6 Psychological Reasons Why You Take Things Too Personally

#1: You’re a social perfectionist

Nick Wignall
Sep 14 · 8 min read
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Photo by Andrea Piacquadio from Pexels

If you struggle with taking things personally, you’ve probably heard the standard advice:

  • Just don’t let him get to you so much!
  • Stop being so hard on yourself.
  • I’m sure she didn’t mean anything by it.

Or my personal favorite…

  • You just need to learn to let things go.

And while I have no doubt that the people giving advice like this are well-intentioned, it misses the bigger point:

In my work as a psychologist, I help my clients to understand the core mechanisms behind their tendency to take things personally.

Because it’s only when you understand the tendency to take things personally that you can move past it for good.

1. You’re a social perfectionist

Social perfectionism is when you can’t stand the thought of other people seeing your flaws or mistakes.

When you believe you have to be perfect in other people’s eyes, it drives you to constantly worry about what other people think of you. And when you’re in the habit of always worrying about what others think about you, taking things personally is almost inevitable.

But here’s the deal:

It’s okay to make mistakes. And more importantly, it’s okay to worry about what other people think of you.

We’re social creatures, after all. Our biggest advantage as a species is the fact that we can coordinate and work together with each other. And that ability depends on our capacity to imagine what other people are thinking and feeling, including about us. So it’s not surprising that we tend to care a lot about what others think of us!

We’re fundamentally social creatures. Caring about what others think is part of the package.

The real problem social perfectionists get into is that they are too hard on themselves for worrying about what other people think.

If you want to care a little less about what others think and stop taking things so personally the trick is to be validating of your worries instead of judgmental.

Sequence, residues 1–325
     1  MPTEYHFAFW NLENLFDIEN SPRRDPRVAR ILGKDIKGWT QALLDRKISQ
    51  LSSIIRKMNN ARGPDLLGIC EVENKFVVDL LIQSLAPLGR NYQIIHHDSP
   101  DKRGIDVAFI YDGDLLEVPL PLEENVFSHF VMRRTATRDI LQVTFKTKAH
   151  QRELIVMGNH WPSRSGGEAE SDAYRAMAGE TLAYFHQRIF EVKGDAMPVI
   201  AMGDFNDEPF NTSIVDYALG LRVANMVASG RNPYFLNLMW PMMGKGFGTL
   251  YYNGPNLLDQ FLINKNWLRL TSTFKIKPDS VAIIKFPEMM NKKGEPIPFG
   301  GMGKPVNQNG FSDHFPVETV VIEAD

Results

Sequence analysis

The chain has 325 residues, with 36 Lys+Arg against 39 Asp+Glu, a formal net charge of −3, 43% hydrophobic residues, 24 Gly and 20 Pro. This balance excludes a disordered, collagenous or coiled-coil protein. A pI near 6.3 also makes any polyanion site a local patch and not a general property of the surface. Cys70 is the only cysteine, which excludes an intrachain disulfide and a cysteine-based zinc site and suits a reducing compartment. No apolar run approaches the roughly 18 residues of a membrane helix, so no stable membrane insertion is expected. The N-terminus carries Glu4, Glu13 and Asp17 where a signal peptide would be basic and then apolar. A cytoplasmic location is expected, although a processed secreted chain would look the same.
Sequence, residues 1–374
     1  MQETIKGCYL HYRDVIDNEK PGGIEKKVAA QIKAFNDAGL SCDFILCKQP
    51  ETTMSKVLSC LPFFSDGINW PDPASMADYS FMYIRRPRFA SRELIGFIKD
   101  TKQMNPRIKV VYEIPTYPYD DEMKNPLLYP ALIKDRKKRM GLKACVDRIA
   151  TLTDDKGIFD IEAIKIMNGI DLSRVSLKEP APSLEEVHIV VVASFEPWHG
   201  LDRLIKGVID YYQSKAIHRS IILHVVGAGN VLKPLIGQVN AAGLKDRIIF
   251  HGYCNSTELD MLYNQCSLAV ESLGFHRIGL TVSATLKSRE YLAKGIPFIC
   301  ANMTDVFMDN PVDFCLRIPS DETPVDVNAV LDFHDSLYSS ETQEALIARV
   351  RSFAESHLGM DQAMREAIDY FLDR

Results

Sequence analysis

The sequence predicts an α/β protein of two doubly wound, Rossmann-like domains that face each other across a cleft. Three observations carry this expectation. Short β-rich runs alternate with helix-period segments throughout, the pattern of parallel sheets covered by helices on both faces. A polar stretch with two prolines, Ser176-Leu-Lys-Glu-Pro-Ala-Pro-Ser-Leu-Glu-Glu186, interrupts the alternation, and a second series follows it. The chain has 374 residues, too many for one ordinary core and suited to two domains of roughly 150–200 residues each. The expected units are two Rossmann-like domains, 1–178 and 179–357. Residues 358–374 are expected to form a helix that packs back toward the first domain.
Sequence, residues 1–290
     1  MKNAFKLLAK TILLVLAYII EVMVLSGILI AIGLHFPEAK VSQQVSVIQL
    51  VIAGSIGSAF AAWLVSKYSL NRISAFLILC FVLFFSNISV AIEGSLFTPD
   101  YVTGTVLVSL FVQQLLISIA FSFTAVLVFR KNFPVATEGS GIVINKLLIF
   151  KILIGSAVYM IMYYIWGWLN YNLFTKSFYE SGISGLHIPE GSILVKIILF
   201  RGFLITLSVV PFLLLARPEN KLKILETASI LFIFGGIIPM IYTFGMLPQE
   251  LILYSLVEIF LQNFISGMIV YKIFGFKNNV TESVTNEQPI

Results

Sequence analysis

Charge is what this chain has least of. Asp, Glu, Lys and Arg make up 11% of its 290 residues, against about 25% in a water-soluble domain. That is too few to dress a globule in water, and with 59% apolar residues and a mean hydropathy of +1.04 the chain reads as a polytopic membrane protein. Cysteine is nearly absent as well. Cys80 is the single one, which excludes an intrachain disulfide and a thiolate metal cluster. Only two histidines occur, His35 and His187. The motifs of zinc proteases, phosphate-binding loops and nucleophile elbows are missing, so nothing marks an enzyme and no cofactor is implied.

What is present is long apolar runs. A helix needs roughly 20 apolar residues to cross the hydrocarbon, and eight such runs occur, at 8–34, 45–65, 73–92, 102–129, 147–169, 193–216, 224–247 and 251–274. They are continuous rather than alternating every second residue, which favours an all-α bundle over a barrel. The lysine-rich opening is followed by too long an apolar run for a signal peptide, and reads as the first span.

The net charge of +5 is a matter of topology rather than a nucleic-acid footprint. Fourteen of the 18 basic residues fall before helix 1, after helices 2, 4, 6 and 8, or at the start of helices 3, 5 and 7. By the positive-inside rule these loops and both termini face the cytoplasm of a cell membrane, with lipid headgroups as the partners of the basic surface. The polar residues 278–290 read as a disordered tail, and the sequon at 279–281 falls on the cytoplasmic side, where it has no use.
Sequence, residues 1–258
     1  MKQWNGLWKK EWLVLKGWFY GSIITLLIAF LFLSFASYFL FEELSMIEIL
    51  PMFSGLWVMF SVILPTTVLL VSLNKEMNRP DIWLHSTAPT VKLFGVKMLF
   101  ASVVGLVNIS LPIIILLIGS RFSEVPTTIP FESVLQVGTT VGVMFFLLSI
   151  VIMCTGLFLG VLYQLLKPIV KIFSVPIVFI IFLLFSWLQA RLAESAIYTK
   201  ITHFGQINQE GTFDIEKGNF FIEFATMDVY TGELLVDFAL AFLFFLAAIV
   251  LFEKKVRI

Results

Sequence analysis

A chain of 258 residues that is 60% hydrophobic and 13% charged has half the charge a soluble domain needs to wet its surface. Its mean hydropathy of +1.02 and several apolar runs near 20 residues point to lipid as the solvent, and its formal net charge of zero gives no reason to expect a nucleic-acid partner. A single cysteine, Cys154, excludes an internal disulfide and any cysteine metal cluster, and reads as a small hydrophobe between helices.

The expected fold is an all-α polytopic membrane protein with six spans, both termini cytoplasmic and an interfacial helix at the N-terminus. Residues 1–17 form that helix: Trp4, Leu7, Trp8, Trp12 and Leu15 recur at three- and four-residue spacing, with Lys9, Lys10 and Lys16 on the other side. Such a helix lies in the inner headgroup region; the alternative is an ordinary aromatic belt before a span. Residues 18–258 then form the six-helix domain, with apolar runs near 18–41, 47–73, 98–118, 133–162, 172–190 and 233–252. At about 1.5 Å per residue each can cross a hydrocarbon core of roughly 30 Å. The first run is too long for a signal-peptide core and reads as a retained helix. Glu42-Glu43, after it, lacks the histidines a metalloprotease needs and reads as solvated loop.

When you find yourself wondering what other people think of you, simply remind yourself that it’s normal and okay to worry about this a little.

2. You use negative self-talk as motivation

Most of us grow up learning that the only way to be successful in life is to be tough on ourselves. And inevitably, this leads to a subtle but powerful habit of negative self-talk.

Like the drill sergeant hurling insults at his new recruits in order to “make men out of them,” many of us adopt a similar attitude toward ourselves…

We think that if we’re tough enough on ourselves it will motivate us to succeed. But there’s a slight problem with this reasoning…

But worse than that, it can lead to a life-long habit of negative self-talk and all the side-effects that go with it — from anxiety and low self-esteem to… yup, you guessed it: taking things too personally.

When someone criticizes you or gives you difficult feedback, a strong habit of negative self-talk can easily hijack your thinking. Instead of considering the mistake as an isolated incident, you end up making very extreme or black and white interpretations to yourself:

  • Instead of I need to work harder at this aspect of my work we tell ourselves I’m a loser.
  • Instead of He’s disappointed in my work we slip into He’s disappointed in me.

True freedom from taking things personally comes from removing the habit of negative self-talk altogether — from learning that you don’t actually need to be hard on yourself in order to stay motivated and succeed.